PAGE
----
Posted: September 11, 2017 | |
“We’re so busy with activities.”
Parents come to me with pressing child problems in busy family lives. These problems occur alongside basketball, swimming or soccer practice, gymnastics, dance or piano lessons. Or speech, occupational therapy, music therapy, pediatric specialists. Life is busy! And every activity is intended to enrich development, release energy, or develop lagging skills.
But many parents grimace as their eyes dart across cell phones calendars … looking for even one free day to schedule the therapy they’re seeking from me. Truly, I do understand, kids need certain appointments, even if they are piling up. Seems they need so many things. But in all those appointments, what might they NOT be getting?
Kids are missing YOU.
Ironically, one of the most therapeutic activities is 1:1 parent-child time. Honestly, I prescribe it a lot. Parents are surprised, expecting a fancier initial treatment. But quality parent-child time heals so much. It’s often the most productive and efficient starting point. Recently, a devoted mother found herself in tears, realizing how hard it was to find 15 minutes a day for one of her kids. “Fifteen minutes,” she winced … “I felt like I spend lots of time with her each day … but not for any quality stretch of time.”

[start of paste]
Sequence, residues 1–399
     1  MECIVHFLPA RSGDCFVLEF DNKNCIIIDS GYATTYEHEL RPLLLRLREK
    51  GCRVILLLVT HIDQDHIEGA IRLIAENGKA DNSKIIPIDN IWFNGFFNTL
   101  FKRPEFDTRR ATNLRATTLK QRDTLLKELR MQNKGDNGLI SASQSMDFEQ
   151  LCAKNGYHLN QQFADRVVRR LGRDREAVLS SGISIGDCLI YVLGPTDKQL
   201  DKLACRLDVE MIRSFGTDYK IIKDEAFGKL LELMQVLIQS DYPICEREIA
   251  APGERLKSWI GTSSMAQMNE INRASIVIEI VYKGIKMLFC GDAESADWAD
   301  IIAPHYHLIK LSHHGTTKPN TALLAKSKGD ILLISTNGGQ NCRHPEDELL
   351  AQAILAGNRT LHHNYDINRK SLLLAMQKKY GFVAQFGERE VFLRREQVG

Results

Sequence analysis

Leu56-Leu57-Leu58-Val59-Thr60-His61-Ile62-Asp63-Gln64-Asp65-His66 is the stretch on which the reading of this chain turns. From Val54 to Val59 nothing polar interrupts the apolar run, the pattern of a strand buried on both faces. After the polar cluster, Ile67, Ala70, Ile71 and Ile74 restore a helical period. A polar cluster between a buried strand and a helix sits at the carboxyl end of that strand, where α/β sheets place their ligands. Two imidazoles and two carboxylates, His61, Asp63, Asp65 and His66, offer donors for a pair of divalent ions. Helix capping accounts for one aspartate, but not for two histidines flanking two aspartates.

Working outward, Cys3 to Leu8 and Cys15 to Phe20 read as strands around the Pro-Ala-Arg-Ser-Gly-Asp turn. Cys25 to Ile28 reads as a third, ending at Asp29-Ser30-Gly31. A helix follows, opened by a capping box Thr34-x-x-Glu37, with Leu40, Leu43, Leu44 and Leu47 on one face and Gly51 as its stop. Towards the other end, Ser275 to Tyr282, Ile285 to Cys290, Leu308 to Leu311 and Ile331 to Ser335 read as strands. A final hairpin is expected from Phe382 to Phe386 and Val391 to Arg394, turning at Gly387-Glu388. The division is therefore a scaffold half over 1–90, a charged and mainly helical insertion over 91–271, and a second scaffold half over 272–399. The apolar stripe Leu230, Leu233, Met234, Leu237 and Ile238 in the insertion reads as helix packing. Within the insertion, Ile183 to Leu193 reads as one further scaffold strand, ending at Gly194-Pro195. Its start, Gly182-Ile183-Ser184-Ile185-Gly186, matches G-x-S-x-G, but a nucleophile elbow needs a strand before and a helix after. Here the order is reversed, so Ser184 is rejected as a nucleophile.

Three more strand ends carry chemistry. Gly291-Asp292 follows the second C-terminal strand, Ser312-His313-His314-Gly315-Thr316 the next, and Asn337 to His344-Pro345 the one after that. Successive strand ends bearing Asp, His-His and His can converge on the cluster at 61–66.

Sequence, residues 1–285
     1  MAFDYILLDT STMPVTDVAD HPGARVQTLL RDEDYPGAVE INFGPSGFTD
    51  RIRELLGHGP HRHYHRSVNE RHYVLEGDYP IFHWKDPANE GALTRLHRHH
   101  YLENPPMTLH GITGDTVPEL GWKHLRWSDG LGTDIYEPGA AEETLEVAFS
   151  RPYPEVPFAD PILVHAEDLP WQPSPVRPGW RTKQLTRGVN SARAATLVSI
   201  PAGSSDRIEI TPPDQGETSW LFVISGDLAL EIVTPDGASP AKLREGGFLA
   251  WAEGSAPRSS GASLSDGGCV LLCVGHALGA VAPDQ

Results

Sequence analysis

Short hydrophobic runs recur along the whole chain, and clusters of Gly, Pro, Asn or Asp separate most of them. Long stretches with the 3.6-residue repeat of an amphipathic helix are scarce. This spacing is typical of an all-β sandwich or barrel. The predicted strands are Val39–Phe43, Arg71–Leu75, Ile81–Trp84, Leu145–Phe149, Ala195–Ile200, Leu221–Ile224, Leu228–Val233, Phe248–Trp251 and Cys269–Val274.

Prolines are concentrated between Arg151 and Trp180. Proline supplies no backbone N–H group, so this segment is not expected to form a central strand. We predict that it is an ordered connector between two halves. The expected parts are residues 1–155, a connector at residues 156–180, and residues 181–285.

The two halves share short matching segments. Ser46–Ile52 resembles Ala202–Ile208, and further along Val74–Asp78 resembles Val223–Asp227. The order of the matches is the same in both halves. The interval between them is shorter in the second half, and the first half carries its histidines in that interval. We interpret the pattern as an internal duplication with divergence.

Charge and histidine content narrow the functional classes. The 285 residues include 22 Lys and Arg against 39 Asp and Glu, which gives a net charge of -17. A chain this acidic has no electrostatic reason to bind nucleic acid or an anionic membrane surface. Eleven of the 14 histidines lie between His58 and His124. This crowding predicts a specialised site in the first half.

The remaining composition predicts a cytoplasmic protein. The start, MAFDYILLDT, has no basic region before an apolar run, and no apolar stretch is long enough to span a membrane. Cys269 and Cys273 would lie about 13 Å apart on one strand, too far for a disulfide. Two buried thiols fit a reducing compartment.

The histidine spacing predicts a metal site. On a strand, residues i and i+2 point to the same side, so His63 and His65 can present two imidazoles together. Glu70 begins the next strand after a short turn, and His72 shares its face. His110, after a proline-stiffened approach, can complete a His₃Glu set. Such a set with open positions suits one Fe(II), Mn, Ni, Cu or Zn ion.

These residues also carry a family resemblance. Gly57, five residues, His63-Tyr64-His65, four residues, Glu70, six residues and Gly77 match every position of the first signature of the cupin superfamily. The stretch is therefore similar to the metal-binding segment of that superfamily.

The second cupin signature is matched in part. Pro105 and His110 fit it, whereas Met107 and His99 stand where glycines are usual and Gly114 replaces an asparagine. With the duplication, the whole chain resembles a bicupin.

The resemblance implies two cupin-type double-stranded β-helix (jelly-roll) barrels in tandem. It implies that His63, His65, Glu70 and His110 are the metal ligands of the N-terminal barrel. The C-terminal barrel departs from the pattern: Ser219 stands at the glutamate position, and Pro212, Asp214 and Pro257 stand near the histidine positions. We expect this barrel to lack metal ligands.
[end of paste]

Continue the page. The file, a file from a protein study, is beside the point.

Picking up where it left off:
The old school truth, in these new school times, remains the same: Kids need your time, your attention more than anything else. Even if they don’t seem interested. Don’t let Minecraft or the latest phone game fool you.
Ten minutes a day can make a lifetime relationship change.
The most therapeutic thing I can recommend is 10-15 minutes per day talking and playing with your young child. Not correcting her or reprimanding ~ not reviewing what “better choices” he could have made. Save those discussions for another time. Just make time for hanging out; noticing him, noticing her; joining your children in their worlds.
Phones? Nope, not during this time. We may believe that if parental body is in the same room, facing one’s child, a phone in hand doesn’t matter. But your child knows you simply aren’t “there.” Hard to put it down? Yes. But the payoff is priceless. There’s no single breaking news story, Pinterest pin, Snapchat update, click bait or Facebook Marketplace item that’s as important as connecting with your child today.
Some years from now, your grown child will lace fingers with a sweetheart … who will ask, “So, tell me about your Mom; what was your Dad like?” All your parenting years moments will fuse and condense into a 2-to-5-word perception. He or she was “always on the phone” or “always working,” “kinda distant,” “usually complaining…” “not really around” … What do you want your child’s 5 words to be? Make 10 minutes a day and shape them.